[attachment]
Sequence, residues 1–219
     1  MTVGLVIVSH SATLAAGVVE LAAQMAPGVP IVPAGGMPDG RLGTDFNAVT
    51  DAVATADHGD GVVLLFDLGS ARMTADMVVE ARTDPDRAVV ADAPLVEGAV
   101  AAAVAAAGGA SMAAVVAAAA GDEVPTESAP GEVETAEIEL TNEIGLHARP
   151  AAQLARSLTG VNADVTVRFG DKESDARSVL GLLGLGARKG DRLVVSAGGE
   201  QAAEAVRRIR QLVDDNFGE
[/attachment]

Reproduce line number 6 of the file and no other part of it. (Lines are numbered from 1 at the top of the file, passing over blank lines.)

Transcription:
   201  QAAEAVRRIR QLVDDNFGE